Saturday night’s Danny Pound Review, featuring Danny, Arthur Dodge, Matt Suggs, and Suzannah Johannes, could have used a tad more music…
After the sold out show – my first ever at the Lawrence Arts Center – I couldn’t help but think back to 2004 when I saw Ryan Adams at the Lied Center in Lawrence.
During Adams’ performance, which as always featured rambling, incoherent stories and unprofessionalism at its best, someone in the audience yelled, “Less talk, more rock!” For those not familiar, this is the quickest way to piss off a performer.
Adams scanned the audience, and demanded, “Who said that?” When the guy raised his proud hand, Adams replied with something like, “Shut your fucking face, I’m Ryan Adams and you’re some jerkoff who yells stuff.”
But the culprit Saturday wasn’t a boozed up, prima donna musician. Nope, it was the emcee, Tim, who seemed to sap more stage time than the bands.
The idea was a good one: get four prominent Lawrence singer-songwriters together with one backing band, (Kenny Pingleton on drums, Dave Swenson on keys and guitar, Jeremy Sidener on bass, and Matt Mozier on guitar and lap steel) , and let them showcase their songs.
Nothing wrong with that, right?
The venue was nice, with a big stage and steep stadium seating. The sound was clear and balanced, though if you sat all the way down front, vocals were a little muffled. There was a beer booth in the back where Free State varieties were going for three bucks a pop (though they ran out a bit after intermission). The crowd was a mix of late twenties/early thirties townies and older art patron types. Overall a nice setup and venue.
Unfortunately, the format for the night saw each musician come out and play just two songs. Then the zany emcee guy would run back on stage and ramble about things like beer, how great the performers were, and the Lawrence Arts Center among other things. I must admit, at times he was funny. At times. For example, as he was introducing and professing his love for Suzannah Johannes he quipped, “She’s gonna make that Danny Pound guy look like crap.”
Hey, I laughed.
But after awhile the night started feeling like a telethon and his act wore thin. At one point, Arthur Dodge looked at him and said, "Wrap it up," without a single hint of irony. The audience burst into applause when emcee guy suggested he would shut up and let the musicians do their thing.
Okay, let’s talk about the music now.
Like I said, the format was each performer would do two songs, then they would rotate. There were two sets with an intermission in between, so each act played about four songs give or take. I wasn’t a big fan of the format because it was too disjointed. I would have preferred to just have the musicians play all their songs at once, and then move on, instead of the rotating thing.
But given all that, the musicians were pretty damn solid, delivering heartfelt song after song.
Danny Pound started the night off as the audience was still settling in. The sound guys seemed to be tweaking things as he went, and by the time Pound played a few songs, the sound was mostly balanced.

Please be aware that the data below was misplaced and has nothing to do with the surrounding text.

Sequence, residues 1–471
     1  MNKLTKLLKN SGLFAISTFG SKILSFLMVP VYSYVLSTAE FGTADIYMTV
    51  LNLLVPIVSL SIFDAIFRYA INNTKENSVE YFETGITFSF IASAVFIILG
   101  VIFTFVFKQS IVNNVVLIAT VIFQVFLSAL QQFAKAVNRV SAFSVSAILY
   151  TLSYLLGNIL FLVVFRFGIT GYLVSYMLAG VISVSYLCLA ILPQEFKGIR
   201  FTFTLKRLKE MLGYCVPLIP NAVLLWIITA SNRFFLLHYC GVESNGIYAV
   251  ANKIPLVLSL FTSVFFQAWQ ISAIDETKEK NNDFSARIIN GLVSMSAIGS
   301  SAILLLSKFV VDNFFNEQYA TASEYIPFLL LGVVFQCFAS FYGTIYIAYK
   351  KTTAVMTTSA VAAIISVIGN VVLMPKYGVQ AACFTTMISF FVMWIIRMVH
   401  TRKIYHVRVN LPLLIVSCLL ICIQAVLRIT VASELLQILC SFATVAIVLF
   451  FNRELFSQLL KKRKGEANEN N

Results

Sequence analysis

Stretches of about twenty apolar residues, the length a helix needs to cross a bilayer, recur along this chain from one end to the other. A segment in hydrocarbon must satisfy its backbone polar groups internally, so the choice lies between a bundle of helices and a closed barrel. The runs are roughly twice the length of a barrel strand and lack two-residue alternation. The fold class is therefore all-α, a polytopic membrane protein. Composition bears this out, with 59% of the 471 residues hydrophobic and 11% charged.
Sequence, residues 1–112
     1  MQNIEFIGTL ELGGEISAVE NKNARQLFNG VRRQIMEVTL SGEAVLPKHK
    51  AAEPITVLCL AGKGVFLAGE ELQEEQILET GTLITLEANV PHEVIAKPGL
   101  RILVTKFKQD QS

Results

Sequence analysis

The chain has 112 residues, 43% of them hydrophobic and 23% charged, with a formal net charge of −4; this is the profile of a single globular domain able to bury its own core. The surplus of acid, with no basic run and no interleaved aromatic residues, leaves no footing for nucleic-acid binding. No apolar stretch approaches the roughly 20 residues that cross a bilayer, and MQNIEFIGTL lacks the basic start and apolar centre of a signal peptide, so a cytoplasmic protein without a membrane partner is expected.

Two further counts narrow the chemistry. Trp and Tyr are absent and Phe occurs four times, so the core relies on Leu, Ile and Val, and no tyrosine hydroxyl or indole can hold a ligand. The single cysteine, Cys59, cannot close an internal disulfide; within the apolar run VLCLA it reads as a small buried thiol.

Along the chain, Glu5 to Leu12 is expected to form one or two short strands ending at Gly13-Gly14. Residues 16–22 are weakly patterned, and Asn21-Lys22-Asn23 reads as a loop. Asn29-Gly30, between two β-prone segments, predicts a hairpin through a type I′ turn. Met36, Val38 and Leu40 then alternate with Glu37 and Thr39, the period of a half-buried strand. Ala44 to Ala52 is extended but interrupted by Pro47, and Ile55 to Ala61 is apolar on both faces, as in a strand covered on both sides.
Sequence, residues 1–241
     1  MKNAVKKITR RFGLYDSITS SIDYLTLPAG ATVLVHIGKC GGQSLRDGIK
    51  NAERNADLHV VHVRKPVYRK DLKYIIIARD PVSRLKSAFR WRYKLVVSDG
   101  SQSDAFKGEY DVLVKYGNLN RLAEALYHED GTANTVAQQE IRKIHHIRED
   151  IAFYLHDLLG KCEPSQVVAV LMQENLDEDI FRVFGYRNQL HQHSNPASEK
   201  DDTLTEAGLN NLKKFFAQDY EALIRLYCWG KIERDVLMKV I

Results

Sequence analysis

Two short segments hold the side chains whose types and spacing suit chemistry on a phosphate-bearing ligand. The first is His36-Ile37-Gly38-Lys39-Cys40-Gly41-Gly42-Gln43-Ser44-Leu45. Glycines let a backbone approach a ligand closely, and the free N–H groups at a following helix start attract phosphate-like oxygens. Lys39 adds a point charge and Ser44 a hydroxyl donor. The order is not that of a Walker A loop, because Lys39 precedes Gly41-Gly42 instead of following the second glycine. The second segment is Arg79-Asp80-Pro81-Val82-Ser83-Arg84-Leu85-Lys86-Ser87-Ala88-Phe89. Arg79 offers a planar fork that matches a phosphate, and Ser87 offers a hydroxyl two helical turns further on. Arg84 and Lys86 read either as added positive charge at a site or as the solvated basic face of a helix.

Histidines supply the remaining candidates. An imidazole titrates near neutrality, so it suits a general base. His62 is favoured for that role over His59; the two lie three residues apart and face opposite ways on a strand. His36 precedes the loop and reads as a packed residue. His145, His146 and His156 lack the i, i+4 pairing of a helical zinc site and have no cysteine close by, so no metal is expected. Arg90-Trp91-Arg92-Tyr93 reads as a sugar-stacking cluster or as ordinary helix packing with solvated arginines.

Arthur Dodge came out as grizzled as ever with a female vocalist who was introduced as Mrs. Dodge. The two were nicely in sync with straight forward harmonies and simple songs about failed love and missed chances. Their second go-around saw Dodge at his best – with just an acoustic guitar and Mrs. Dodge onstage – growling out his lines while his better half delivered solid backing vocals and quietly stole the show.
Suzannah Johannes took the stage in a sparkly jacket that reminded me of a casino waitress. She seemed a little nervous and took a song or so to get settled in. The house band seemed a little confused when they were trying to end the first song, but they rebounded nicely on her others. Suzannah’s unique voice sounded as deep and smoky as ever, and her natural talent provided a nice contrast to some of the other vocalists who are more “craftsmen” than singers.
Matt Suggs started his set with a long, droning, two chord thing that seemed to go on forever. Not sure if the band wasn’t quite up to speed or what, but his was the least polished of the sets.
After Suggs played a couple, the emcee guy charged back onstage energetically and said, “C’mon, clap! That’s what your hands are for, Lame-os.”
See what I mean?
The highlight of the night was provided by none other than Danny Pound, the namesake of this particular endeavor. After telling the crowd that “one of my fondest ambitions is to write a song where a piano falls on someone’s head,” he launched into a solo acoustic version of “Breathing is a Privilege,” that showcased his lyrical and storytelling abilities – his real strengths as a singer-songwriter. Dave Swenson appeared midway through the song and added some nice acoustic guitar finger styling to fill out Mr. Pound’s vision.
Another nice touch was Matt Mozier’s slinky lap steel work on several songs.
I hope the Lawrence Arts Center keeps putting on shows like this. They have a nice venue, the attendance was great, and the early 7:30 start time was nice. With a few tweaks, they can make it even better. I could see them getting some really great bands and filling that baby easily.
But between the emcee’s antics and the constant shuffling of artists, at times the music seemed to take a backseat. I actually found myself wishing this collection of Lawrence gems were at the Replay or in the basement of the Tap Room instead.